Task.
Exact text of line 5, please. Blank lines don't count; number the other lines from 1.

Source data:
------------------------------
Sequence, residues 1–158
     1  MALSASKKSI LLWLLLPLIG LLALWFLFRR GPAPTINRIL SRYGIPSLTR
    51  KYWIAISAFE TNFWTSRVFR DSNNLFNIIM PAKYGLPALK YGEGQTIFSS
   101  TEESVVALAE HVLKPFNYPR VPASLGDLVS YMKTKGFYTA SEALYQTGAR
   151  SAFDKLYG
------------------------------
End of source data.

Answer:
   151  SAFDKLYG